What to eat the day before a race is as much science as anything else. The only way you really know what will work the best for you is to experiment.
How to Practice Your Long Run Nutrition & Hydration
Unfortunately, every runner is different and because of this, there is not a one-size-fits-all solution to nutrition and hydration during long runs. The key is finding out what works for you in training.
This article presents some basic guidelines to give you a starting point; from there adjust as necessary to find what works best for you. And the time to work out your best nutrition and hydration strategy is during your train-up. Then you can hit race day confident in knowing your plan has been tested and will work.
Less is best
Research shows us that a 165-pound athlete does best when consuming around 240 to 280 calories per hour while running. That same person most likely is burning anywhere from 400 to 800 calories per hour, which means the ingestion of those calories will not replace all that are consumed, but will help supplement and therefore stall “hitting the wall” for as long as possible. Consuming too many calories, however, can cause one to feel sick.
Make only one small change at a time
If your nutrition and hydration strategy is not working and you feel changes should be made, only change one thing at a time and then test the change on a couple of long runs. By changing two or more things, you’ll not know what, if any, worked, nor will you know which one could be further tweaked.
Our body naturally stores about 90 minutes of glycogen (at a half marathon pace) or 2 hours at full marathon speed. So unless you have about a two-hour pace on your marathon time, you are going to run out of glycogen in the later part of the race. And while your body can switch over to burning fat, it takes longer to process, thus slowing you down.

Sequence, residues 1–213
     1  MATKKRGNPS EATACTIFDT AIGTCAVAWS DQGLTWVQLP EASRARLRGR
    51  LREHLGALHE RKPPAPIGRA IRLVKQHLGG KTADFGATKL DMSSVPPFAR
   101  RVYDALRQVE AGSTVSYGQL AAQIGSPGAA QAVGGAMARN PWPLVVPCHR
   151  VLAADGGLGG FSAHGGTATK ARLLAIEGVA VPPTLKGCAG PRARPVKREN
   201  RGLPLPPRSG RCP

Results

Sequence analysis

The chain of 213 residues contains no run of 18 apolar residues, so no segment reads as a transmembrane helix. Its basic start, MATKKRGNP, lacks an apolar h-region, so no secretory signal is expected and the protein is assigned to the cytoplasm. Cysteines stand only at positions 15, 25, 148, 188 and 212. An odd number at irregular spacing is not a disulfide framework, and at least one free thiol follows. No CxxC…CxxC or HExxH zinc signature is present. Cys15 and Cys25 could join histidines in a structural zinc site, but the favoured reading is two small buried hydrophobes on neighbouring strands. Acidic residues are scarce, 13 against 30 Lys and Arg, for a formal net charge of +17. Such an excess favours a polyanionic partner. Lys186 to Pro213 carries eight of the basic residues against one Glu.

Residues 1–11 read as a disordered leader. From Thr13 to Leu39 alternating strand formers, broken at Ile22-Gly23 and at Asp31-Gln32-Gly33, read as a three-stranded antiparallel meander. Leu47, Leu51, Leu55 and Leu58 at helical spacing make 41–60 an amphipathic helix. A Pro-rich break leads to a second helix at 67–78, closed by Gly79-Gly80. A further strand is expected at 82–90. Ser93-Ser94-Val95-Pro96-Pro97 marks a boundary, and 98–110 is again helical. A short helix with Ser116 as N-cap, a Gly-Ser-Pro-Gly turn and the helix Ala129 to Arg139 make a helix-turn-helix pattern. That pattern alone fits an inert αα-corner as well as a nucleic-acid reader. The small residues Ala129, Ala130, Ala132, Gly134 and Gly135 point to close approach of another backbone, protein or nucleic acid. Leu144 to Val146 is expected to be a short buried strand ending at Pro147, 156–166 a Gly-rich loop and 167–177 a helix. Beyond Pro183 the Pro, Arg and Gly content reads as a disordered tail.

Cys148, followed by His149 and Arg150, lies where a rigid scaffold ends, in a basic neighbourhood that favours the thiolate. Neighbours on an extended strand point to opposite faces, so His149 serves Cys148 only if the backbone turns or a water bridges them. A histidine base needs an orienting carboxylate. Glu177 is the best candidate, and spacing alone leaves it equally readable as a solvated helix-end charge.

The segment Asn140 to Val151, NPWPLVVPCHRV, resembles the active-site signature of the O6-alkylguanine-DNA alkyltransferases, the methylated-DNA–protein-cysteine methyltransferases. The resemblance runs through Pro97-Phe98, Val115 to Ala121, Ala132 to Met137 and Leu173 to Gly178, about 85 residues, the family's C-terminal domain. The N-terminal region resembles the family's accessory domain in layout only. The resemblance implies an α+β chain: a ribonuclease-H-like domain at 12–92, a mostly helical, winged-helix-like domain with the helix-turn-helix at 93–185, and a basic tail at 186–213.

To supplement energy, many runners today use carbohydrate energy gel packs to get their nutrition literally “on the run”. The trick is properly timing their consumption.
Again, not everyone is the same. While you may feel the energy boost three minutes after consumption, others may take up to 15 minutes. It all has to do with how fast your body digests it. For some runners, their stomach efficiency slows down when running, because the blood is being diverted to the legs, while in others, it will almost stop.
To figure out when to take an energy gel, do a long run, but only drink water. At which mile did you hit the wall? On your next long run, take a gel two miles before that point and see if that helps. Test your new strategy on a couple more long runs. Adjust if necessary and test again. Eventually you will find the best point to take in some nutrition.